Then Danka (my grandson, Katerina’s oldest son) started going to sambo classes, and we tagged along for a few practices. He also had some competitions. I see how Natasha is really into it, squirming on the bench next to me, so I say to her, “Want to do it, too?” She says yes, and I get the ball rolling. First, I agreed with the coach on paid lessons, and exactly a month later he tells me, “She’s pretty good. If she’s going to stick with this, how about I take her to a public class?” Of course, this was a bit of a trick: In the public classes, there was one coach for 20 kids. What is he going to be able to see? He’ll show them how to do a throw, and the kids will repeat after him as best they can.

When Natasha comes home from practice, I ask her to show me what throws she’s been working on. She shows me. I correct her, saying no your hand isn’t supposed to go here, but a bit higher, or a bit lower, and then here. And so on. That’s how we practiced at home.

Three months later, the coach tells me that he wants to enter her into competitions. Right away, she takes second place in the city tournament. The city has another contest three or four months later, and she comes in first! Then there are the regionals, and she finishes first in her age group for girls! She won a trophy bigger than she is. [Laughs] Was I supposed to be against this or something?

I never punished her for her grades, and she got all kinds. My job was to teach her how to learn. It wasn’t for somebody to spoon feed her or be some kind of tutor. No, she had to want on her own to learn. So by the fourth grade, I’d almost forgotten to work on homework with her. Of course, sometimes there were difficult assignments, and she’d come to me herself and ask for help. But the rest of the time she did it on her own. In 2016, she finished the first quarter with all A’s, except for one B. I had nothing to do with that. It was her accomplishment and her hard work.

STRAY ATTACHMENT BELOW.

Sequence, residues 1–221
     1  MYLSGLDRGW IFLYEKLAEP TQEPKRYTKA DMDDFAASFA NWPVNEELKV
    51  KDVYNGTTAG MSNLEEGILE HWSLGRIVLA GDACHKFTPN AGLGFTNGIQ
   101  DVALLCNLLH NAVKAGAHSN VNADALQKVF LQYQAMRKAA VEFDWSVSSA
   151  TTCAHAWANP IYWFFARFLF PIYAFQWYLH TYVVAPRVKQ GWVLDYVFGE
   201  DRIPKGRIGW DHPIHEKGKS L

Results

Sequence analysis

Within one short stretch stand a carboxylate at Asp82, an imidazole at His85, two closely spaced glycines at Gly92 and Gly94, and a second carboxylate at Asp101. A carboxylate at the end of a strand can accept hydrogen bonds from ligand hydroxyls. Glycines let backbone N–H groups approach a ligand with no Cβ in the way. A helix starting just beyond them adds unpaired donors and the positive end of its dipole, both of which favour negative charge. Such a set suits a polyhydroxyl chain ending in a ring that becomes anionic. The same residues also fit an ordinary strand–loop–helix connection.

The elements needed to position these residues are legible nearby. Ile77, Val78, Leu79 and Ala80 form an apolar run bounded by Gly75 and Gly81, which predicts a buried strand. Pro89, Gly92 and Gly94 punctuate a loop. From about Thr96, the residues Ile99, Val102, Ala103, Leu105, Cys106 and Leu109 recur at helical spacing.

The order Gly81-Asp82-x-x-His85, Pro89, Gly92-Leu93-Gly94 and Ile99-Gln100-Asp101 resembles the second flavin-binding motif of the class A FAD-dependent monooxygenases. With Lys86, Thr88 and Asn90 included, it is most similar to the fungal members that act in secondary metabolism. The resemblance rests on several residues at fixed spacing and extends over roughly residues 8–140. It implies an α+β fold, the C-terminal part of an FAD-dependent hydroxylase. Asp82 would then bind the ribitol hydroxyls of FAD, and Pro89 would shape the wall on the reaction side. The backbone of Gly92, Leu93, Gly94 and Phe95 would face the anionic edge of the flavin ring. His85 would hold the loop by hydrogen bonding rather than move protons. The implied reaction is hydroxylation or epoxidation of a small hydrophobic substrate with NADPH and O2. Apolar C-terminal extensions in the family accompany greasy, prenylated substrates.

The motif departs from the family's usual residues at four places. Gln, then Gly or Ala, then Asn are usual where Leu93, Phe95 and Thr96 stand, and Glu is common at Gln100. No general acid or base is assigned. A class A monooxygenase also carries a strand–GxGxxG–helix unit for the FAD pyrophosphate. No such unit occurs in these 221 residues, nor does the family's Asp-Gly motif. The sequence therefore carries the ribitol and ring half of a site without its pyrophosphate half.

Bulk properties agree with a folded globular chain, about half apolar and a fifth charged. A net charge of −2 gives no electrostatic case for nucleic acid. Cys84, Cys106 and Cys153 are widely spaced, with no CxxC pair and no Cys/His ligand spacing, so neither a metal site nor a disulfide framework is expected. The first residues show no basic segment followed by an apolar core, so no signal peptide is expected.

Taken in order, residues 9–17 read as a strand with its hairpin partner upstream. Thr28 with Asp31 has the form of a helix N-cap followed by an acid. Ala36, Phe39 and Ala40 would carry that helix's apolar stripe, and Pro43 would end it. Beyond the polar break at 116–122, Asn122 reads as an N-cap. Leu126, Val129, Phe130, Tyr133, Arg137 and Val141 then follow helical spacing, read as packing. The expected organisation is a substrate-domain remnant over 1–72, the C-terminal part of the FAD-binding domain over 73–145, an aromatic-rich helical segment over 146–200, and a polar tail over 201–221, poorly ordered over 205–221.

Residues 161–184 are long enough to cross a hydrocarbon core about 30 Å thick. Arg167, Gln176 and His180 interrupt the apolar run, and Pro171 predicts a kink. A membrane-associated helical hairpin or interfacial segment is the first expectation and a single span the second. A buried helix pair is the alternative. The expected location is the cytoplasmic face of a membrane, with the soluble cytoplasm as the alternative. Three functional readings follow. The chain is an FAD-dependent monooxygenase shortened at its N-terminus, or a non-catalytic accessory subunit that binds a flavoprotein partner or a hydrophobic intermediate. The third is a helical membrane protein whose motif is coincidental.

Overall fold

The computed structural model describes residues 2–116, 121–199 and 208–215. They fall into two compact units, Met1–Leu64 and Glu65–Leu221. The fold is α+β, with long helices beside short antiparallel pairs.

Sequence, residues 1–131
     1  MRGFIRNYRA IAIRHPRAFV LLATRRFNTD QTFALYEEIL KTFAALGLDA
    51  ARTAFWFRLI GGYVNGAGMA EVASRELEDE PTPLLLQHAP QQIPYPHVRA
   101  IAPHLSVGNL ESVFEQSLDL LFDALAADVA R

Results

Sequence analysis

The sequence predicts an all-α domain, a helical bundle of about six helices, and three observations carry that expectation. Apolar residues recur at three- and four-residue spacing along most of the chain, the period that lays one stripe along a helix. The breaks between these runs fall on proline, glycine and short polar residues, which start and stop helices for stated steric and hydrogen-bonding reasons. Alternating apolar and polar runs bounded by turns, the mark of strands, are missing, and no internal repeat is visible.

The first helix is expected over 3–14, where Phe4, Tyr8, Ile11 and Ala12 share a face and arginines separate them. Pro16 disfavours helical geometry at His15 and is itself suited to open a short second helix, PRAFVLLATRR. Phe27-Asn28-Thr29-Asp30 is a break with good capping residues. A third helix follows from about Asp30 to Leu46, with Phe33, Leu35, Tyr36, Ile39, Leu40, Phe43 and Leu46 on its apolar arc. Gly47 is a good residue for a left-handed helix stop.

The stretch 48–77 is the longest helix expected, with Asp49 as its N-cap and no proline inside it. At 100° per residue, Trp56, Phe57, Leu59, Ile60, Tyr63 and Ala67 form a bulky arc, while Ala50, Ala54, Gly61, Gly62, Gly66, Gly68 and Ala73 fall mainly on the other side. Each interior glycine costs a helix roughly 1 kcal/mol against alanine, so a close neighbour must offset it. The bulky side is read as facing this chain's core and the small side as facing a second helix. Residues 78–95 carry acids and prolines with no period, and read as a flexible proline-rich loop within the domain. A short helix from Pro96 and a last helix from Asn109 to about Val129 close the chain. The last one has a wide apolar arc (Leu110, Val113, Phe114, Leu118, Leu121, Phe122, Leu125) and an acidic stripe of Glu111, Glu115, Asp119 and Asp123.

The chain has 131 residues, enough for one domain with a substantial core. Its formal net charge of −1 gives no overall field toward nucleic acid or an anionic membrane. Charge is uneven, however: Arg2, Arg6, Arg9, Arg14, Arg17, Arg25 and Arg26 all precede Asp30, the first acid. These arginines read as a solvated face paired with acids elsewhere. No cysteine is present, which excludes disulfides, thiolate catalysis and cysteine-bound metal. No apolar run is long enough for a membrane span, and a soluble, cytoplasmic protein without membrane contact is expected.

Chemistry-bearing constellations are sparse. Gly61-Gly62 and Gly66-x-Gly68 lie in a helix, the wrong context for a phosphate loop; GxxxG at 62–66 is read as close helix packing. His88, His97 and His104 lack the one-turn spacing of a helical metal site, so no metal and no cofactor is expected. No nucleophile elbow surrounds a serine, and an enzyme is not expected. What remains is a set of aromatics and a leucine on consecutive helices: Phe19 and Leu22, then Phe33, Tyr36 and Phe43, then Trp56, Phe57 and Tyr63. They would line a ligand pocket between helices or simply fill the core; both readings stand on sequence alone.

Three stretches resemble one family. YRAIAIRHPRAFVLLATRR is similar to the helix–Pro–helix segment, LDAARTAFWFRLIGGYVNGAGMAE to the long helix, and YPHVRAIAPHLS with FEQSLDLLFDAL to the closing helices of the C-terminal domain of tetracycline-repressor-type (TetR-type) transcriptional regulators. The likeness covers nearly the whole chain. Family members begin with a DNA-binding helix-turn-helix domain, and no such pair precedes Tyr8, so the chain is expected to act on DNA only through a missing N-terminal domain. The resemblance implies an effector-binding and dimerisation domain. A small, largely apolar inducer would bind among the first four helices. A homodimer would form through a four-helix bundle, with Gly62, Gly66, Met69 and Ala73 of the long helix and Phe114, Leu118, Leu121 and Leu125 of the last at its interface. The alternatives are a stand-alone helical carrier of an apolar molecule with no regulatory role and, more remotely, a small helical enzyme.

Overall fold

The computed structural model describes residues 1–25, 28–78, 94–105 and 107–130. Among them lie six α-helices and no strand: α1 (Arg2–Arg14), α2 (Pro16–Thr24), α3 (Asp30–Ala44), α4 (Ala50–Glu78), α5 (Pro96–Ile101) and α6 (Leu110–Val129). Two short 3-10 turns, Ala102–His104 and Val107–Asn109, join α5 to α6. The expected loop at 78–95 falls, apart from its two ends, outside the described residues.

“Daddy, I want to be baptized”

There was one problem: from first grade to third grade, my child didn’t grow. She was still wearing the same dress — she wouldn’t get any bigger, no matter what you tried. First, I turned to the doctors where the foster children get their annual checkups. But that place is like an assembly line: from eight in the morning until the end of the day, they see 120 kids. So that didn’t do much good, though I told them, “Look at her! The poor kid is obviously underweight.” But they said, “Don’t worry about it. Some kids are a little late. We’ll keep an eye on it.” We kept an eye on it for a year. Then it was two years. Then three. In the end, I said screw it, and went to the central hospital.